Side note, The Pro-4X package came with roof-mounted off-road only lights. They are too powerful to be street legal on road and are activated by depressing a switch on the dash when the high-beams are engaged. These are so powerful that when I tested them out sitting in front of my house, I am not sure, but I think a squirrel spontaneously combusted in the tree in front of the truck. It’s like seeing daylight, and yes, they are blindingly bright. This is not something to try and flash at oncoming cars on I-35 as they might blind them and cause a wreck. This is why they are redundantly switched the way they are.

Running with a 261hp truck-inspired variation of Nissan’s corporate-wide 370Z inspired 4liter V6, the Xterra is not exactly a fuel sipper but EPA estimates of 15/20 are really spot on to the reality experienced on, and off, the roads of North Texas.

All these capabilities and real world functionality might just explain why I have been so confused by my feelings for the Xterra. It stems from the fact that the little truck can do so many things well that it has the ability to be a bit of a chameleon. Whether it’s a truck, car, backpack or pelican box on wheels. My confusion, I now realize, was more that the truck can be what ever you want it to be.


For most of my life I’ve been familiar with the phrase “His potential is unlimited, if he would only apply himself.” Such was said about me while I was napping in Geography class, staring out the window in Math class and daydreaming in Biology lab. I heard it so much that it became like the sound of the teachers in Charlie Brown “WahWah Wah Wah Wah.

Now, I’ve found myself using the same phrase over and over when referring to General Motors marveling at how the biggest corporation in the world could continue to build the kind of cars they did and yet, still keep going. I think the same answer applies to both myself, and GM, really. I was never challenged by school, it came easy to me and I never tried. GM, in a position of overwhelming market dominance in the early 1970’s, never felt challenged either. They built what they built and people would buy their products simply because it was a GM vehicle.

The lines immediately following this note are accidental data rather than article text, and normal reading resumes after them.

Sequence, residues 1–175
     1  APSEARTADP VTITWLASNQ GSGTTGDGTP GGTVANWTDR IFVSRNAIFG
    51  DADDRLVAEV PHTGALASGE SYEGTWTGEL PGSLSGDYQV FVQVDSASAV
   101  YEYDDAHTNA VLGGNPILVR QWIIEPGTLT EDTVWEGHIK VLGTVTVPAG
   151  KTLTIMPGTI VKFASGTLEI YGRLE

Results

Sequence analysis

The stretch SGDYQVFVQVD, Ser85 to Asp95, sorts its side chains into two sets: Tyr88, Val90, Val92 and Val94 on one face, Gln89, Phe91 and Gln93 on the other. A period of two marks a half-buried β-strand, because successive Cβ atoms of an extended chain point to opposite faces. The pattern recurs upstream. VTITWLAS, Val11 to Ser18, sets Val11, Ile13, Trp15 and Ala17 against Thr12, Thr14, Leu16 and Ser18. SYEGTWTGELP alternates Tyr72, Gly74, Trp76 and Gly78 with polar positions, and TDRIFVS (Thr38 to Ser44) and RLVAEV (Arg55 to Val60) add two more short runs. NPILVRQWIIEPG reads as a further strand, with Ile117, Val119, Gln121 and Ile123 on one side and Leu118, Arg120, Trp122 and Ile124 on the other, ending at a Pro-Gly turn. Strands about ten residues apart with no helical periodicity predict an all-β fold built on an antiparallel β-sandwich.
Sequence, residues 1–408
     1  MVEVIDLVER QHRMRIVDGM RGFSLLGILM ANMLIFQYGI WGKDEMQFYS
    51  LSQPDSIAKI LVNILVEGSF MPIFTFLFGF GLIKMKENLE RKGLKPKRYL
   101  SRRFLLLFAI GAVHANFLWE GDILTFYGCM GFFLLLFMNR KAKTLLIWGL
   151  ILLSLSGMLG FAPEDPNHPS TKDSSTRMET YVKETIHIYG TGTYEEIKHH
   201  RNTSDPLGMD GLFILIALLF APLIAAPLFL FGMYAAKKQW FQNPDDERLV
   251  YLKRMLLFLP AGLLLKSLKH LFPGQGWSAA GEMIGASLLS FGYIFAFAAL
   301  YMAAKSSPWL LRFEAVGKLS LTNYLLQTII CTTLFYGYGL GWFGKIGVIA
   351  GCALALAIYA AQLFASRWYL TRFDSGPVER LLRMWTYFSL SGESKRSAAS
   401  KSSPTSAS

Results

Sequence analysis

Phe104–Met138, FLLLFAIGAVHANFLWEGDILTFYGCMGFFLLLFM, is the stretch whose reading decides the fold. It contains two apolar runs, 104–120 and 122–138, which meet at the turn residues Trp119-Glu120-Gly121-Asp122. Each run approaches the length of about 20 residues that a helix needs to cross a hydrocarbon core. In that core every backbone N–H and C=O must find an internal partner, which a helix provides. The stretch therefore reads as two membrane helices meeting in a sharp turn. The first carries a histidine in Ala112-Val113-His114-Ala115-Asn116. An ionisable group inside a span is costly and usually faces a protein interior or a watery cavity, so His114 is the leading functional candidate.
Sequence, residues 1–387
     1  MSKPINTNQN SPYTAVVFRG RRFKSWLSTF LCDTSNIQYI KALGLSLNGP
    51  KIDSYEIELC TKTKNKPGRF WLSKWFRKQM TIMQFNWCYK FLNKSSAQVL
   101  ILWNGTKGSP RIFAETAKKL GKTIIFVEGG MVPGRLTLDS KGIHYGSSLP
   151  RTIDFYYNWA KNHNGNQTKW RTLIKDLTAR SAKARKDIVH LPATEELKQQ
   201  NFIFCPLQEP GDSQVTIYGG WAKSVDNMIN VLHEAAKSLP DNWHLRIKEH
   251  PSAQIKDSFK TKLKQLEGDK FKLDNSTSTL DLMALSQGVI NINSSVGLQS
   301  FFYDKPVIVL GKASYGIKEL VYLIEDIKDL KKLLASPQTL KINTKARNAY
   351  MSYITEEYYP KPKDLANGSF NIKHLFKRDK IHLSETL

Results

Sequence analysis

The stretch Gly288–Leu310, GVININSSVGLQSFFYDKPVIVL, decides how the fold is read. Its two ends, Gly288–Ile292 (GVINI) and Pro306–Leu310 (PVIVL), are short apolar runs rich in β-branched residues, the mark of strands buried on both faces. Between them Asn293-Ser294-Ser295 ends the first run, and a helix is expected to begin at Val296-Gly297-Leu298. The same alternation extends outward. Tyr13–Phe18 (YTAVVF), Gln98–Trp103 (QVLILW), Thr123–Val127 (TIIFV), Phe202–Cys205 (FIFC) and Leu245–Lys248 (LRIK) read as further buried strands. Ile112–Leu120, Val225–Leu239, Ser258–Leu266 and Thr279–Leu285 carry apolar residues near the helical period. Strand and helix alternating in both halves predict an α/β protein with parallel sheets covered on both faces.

For me, it wasn’t really until I got out on my own and had to pay for my own schooling that I decided to focus some real effort. For GM, however, it took a near death experience.

There’s nothing quite like nearly dying that can make you appreciate living.

Long before the bankruptcy, GM was trying to right the ship, but it turned out to be too little, too late. There was too much rot; the company had become overburdened and they simply couldn’t pull it off any longer.

I first realized what they were capable of when the first Cadillac CTS-V showed up at my place, I couldn’t believe it was a GM product. It was too solid, too well designed and too fun. It moved my preconceived notions and expectations for what the General was capable of to an entirely different place.

Then during the tumultuous years around the debate of whether the global economy could survive GM’s death, there were still glimmers of hope. The truck range was great, cars were better than they had ever been and GM began to embrace their global abilities, bringing Pontiac a couple of products developed in Australia. It was such a refreshing change, and I began to relax, but literally the week I was driving the exceptional Pontiac G8 GT, Pontiac got axed. At that point, I saw the potential evaporate before my eyes.

Today there is a great deal of attention being paid to the exceptional, game-changing, and innovative Electric Chevy Volt and how it’s going to effect how we think about driving. That’s all well and good, but I have to tell you: I’m more excited about the 2011 Chevy Cruze sitting outside my window. It’s the car Chevy has been capable of for years and now they have finally built it.

The reason I’m excited: Chevy has finally built a “meat and potatoes” car that is just plain great.

The small sedan market is the sweet spot of the automotive business. This is the market segment where you sell in bulk and sales are measured in hundreds of thousands of units per month. Honda’s Civic, Toyota’s Carolla, Ford’s Focus and Chrysler’s 200/Dodge Avenger, among many others, share this big chunk of the sales pie chart. The competition is rather heated, but in every way the Cruze is up to the challenge.

On first blush the Cruze is a good looking chunk of metal, which is where the bizzaro world of the new GM starts altering my life’s expectations. The design is fresh, clean and efficient with curves and creases sculpting around wheel arches and windows and gives the Cruze what one should expect from a more expensive European car. The somewhat sported-up LTZ version has some aero bits in front, fascia and rear deck lid treatments which, again counter to my experience, look like they belong on the car rather than hot glue-gunned out of day-old marshmallows.